Album: Sweet And Lovely (2018). Artist: Buddy DeFranco Quintet. Download for free and listen to Buddy DeFranco Quintet - But Beautiful. We have song's lyrics, which you can find out below. Org B Buddy DeFranco Quintet.

085-01-Buddy DeFranco-Sweet And Lovely. flac is being hosted on 9. 21. This file is of FLAC file extension. You can also upload it to your Google Dive. 191/Downloads/皇后CD-保种zz%20Collection (d%20Lovely.

Songs from Sweet And Lovely by Buddy De Franco, Buddy Defranco. Free download and listen Sweet And Lovely. Buddy De Franco, Buddy Defranco, Ирвинг Берлин. Tracks count: 7. Views: 9. Buddy Defranco, Buddy De Franco - What Can I Say (After I Say I'm Sorry) 04:41. Buddy De Franco - But Beautiful 04:32. Buddy De Franco - Nearness Of You 04:51.

Sweet and lovely – but plenty darn soulful too – and one of the excellent early 50s Verve dates that features the piano of Sonny Clark with the clarinet of Buddy DeFranco ! The album's got an even more unusual twist in that it features a bit of organ from Clark too – one of his only recordings on the instrument – as well as guitar from Tal Farlow on a number of tracks – another leading light of the fresh Verve sound of the 50s, really working some great music next to Buddy's horn May 2016, 14:33. The Buddy DeFranco Quintet, Sweet And Lovely. Used drive : TSSTcorpCDDVDW SE-208DB Adapter: 1 ID: 0. Read mode : Secure Utilize accurate stream : Yes Defeat audio cache : Yes Make use of C2 pointers : No.

The Buddy De Franco Quartet).

Track List

Title/Composer Performer Time
1 Getting a Balance Buddy DeFranco 9:01
2 That Old Black Magic Harold Arlen / Johnny Mercer Buddy DeFranco 6:43
3 They Say It's Wonderful Irving Berlin Buddy DeFranco 7:18
4 But Beautiful James Van Heusen Buddy DeFranco 4:38
5 The Nearness of You Hoagy Carmichael / Ned Washington Buddy DeFranco 4:57
6 What Can I Say After I Say I'm Sorry Walter Donaldson / Abe Lyman Buddy DeFranco 4:47
7 Moe Buddy DeFranco 4:07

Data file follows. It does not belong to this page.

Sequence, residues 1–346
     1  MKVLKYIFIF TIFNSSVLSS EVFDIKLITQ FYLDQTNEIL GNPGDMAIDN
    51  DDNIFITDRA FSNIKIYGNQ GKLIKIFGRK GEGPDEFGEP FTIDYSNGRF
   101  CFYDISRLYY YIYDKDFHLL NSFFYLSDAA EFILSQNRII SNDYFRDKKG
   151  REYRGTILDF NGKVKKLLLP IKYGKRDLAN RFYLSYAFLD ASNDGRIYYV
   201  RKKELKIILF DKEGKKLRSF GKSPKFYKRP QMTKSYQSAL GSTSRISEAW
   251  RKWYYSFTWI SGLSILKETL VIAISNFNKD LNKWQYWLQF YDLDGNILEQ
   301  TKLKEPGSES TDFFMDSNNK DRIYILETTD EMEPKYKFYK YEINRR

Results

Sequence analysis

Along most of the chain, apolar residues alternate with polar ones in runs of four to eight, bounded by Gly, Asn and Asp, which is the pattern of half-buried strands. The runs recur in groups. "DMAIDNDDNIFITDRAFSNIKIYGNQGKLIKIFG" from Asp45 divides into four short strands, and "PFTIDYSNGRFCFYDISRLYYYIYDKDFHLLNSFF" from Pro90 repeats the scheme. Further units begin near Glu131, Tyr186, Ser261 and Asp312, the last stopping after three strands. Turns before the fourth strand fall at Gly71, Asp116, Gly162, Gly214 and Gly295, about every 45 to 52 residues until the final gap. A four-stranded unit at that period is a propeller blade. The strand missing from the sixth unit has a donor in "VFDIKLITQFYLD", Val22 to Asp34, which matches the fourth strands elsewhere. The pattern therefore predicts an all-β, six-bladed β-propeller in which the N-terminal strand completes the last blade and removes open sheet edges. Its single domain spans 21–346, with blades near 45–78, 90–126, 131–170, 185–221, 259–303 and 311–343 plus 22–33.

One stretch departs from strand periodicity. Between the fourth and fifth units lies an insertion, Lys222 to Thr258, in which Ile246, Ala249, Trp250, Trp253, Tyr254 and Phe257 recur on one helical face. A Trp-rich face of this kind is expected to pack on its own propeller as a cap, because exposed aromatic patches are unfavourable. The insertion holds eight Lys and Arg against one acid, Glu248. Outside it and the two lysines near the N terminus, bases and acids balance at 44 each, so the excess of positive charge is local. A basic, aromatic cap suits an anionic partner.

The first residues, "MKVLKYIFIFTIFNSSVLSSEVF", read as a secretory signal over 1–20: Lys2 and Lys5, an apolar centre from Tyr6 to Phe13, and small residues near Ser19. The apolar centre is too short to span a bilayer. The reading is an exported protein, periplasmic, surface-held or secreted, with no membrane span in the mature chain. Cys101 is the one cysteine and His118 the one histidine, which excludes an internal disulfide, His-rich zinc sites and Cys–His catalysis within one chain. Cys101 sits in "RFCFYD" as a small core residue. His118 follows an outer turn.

• I'm not the greatest fan of the clarinet, which was the most celebrated instrument during the '30s and '40s--the so-called "Swing Era"--when the two most popular instrumental stars were Benny Goodman and Artie Shaw. Both led big bands and realized revenues that exceeded (or at least matched) the leading vocal stars of the period--the foremost of which were Frank Sinatra and Bing Crosby). How can you explain the instrument's hold on the American public and its complete fall from grace by 1955 (Artie wisely quit the music business in 1954, with more than half of his life in front of him; BG managed to hang on, as a nostalgia item in America pop culture and still a "star" in the eyes of the rest of the world (Russia, Japan, Europe)?Here's a theory that has never received attention in explaining the relative "disappearance" of the clarinet (except as a 2nd horn, useful for doubling in certain situations and on certain arrangements). First (and foremost), beginning in the 1960s the only instrument that "mattered" to the new and powerful consumer culture (mostly young adults, 25-45) was the guitar. Ask the "average" listener to name ANY instrumentalist, and if it's not a guitarist, it's going to be a guitarist-composer-singer (Bob Dylan, Elvis, Buck Owens, Johnny Cash), it's the rare exception that gets the public's attention--someone like Kenny G or David Sanburn.Both of the latter instruments, it must be noted, played as high as the clarinet, but were fuller and more penetrating. And this is what helps explain the mystery of the clarinet's fall from public favor: the MICROPHONE. The mic came along in time for Bing Crosby to crowd Al Jolsen from the stage, but it was not sufficiently sensitive, compact and complex to allow for amplifying an instrument in a big band (make it 3-4 on today's drummers). I saw Ray Brown playing unamplified bass in amphitheaters in the late '50s. In such a context, the clarinet was the star because it was the only instrument that could be HEARD among 20 other guys playing fff.After 1950 the clarinet no longer had the advantage it had received "by default." Artie Shaw would not have been able to marry 8 trophy wives (4 of them Hollywood stars), nor did Buddy DeFranco. But among that tiny minority of listeners who follow jazz--embracing its completelness in time and space--Buddy DeFranco was to the clarinet what Charlie Parker was to all musicians who, by the late 1940s, wanted to sound more "modern" than either Benny or Artie. He was, minimally, the equal of Benny and Artie, and he played more complex music, "musician's music." And to prove he was the "real deal," he performed with major, pyrotechnical jazz stars (entire albums with Art Tatum and Oscar Peterson) and he mined the inexhaustible challenges and beauty of "the Great American Songbook." On this album Buddy is featured with primo bebop pianist Sonny Clark and some of the jewels representing the real art of American popular song.